Issues faced by Nursing sector in India

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Context: Nursing education in India suffers poor quality of training, inequitable distribution, and non-standardised practices.

 In News:
  • The year 2020 has been designated as “International Year of the Nurse and the Midwife”.
  • Nurses and midwives will be central to achieving universal health coverage in India.
What are the structural challenges affecting nursing sector in India?
  • Low number of nurses: India’s nursing workforce is about two-thirds of its health workforce. Its ratio of 1.7 nurses per 1,000 population is 43% less than the World Health Organisation norm. it needs 2.4 million nurses to meet the norm.
  • Inequal Distribution: Though the number of nursing education institutions has been increasing steadily, there are vast inequities in their distribution. Around 62% of them are situated in southern India.
  • Vacancies: The faculty positions vacant in nursing college and schools are around 86% and 80%, respectively.
  • Higher qualifications of postgraduate nurses are not recognised: There is a lack of job differentiation between diploma, graduate, and postgraduate nurses regarding their pay, parity, and promotion. Consequently, higher qualifications of postgraduate nurses are underutilised, leading to low demand for postgraduate courses.
  • Outdated and fails to cater to the practice needs: The education, including re-training, is not linked to the roles and their career progression in the nursing practice. There are insufficient postgraduate courses to develop skills in specialties, and address critical faculty shortages both in terms of quality and quantity.
  • Lack quality training: Multiple entry points to the nursing courses and lack of integration of the diploma and degree courses diminish the quality of training.
  • Largely unregulated: The Indian Nursing Act primarily revolves around nursing education and does not provide any policy guidance about the roles and responsibilities of nurses in various cadres. Nurses in India have no guidelines on the scope of their practice and have no prescribed standards of care.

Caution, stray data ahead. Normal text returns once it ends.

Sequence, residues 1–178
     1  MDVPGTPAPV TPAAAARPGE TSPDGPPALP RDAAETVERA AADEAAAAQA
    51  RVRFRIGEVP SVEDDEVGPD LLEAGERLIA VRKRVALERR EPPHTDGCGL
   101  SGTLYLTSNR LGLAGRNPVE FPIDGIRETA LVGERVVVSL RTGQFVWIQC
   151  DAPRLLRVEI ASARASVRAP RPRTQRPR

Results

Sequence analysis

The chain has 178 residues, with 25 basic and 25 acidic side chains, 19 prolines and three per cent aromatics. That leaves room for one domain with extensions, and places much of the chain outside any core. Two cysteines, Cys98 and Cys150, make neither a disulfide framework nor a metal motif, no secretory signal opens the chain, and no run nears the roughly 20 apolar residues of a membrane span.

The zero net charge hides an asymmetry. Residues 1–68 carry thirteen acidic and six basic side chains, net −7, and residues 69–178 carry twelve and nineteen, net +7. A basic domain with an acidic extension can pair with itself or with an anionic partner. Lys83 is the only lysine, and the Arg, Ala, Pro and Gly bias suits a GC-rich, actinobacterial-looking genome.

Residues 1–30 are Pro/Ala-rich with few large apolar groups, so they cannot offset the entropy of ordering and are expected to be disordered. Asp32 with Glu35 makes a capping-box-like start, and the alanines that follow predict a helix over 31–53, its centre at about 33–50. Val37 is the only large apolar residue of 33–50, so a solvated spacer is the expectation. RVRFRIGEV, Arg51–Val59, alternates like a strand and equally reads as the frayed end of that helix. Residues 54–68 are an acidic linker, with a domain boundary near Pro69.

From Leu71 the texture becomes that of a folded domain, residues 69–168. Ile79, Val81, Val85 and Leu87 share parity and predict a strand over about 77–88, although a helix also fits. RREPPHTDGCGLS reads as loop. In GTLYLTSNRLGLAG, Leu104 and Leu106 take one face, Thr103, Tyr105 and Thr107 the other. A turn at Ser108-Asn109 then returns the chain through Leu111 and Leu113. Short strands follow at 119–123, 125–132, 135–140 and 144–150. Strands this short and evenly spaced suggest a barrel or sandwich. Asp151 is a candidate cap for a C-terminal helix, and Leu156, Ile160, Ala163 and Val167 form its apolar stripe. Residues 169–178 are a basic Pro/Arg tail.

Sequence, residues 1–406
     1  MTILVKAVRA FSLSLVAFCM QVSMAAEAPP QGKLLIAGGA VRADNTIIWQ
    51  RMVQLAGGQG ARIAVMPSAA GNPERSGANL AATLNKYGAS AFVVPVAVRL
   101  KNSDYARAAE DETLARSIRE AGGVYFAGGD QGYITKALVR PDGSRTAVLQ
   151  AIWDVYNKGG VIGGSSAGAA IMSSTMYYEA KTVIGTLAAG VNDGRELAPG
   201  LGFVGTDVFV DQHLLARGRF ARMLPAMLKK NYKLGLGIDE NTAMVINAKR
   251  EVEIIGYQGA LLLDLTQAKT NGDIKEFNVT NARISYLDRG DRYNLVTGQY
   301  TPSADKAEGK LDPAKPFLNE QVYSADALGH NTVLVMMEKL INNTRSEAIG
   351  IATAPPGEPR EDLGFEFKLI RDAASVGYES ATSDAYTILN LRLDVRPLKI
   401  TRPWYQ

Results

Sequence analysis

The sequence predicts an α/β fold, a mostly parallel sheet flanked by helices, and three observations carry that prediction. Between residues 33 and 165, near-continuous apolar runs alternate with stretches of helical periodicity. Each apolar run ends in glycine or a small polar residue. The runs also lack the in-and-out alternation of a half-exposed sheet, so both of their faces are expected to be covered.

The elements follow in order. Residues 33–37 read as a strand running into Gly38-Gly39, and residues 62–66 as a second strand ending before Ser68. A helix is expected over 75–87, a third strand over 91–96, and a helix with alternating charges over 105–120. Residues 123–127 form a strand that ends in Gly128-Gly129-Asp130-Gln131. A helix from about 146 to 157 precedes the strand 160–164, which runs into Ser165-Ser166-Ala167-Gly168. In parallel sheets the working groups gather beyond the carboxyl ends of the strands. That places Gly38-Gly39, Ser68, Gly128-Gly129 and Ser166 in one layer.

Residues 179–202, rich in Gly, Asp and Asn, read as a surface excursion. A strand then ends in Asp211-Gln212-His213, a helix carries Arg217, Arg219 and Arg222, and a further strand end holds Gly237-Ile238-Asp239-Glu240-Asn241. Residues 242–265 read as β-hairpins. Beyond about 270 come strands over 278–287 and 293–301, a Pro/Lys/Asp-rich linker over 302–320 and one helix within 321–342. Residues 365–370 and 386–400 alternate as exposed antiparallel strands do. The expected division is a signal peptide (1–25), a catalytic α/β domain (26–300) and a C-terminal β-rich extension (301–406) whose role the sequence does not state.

• Lack of accountability for nurses: The Consumer Protection Act which protects the rights and safety of patients as consumers, holds only the doctor and the hospital liable for medico-legal issues; nurses are out of the purview of the Act. This is contrary to the practices in developed countries where nurses are legally liable for errors in their work
What is the way forward?
  • A common entrance exam, a national license exit exam for entry into practice, and periodic renewal of license linked with continuing nursing education would significantly streamline and strengthen nursing education.
  • Transparent accreditation, benchmarking, and ranking of nursing institutions too would improve the quality.
  • The Indian Nursing Council Act of 1947 must be amended to explicitly state clear norms for service and patient care, fix the nurse to patient ratio, staffing norms, and salaries.
  • The exodus of qualified nurses must be contained by Incentivising to pursue advanced degrees to match their qualifications, clear career paths, the opportunity for leadership roles, and improvements in the status of nursing as a profession.
  • A live registry of nurses, positions, and opportunities should be a top priority to tackle the demand-supply gap in this sector.
  • The National Institution for Transforming India (NITI) Aayog has recently formulated a framework for public-private partnership in medical education that could be referred to develop a model agreement for nursing education.

The disabling environment prevalent in the system has led to the low status of nurses in the hierarchy of health-care professionals. The National Nursing and Midwifery Commission Bill currently under consideration should hopefully address some of the issues highlighted.

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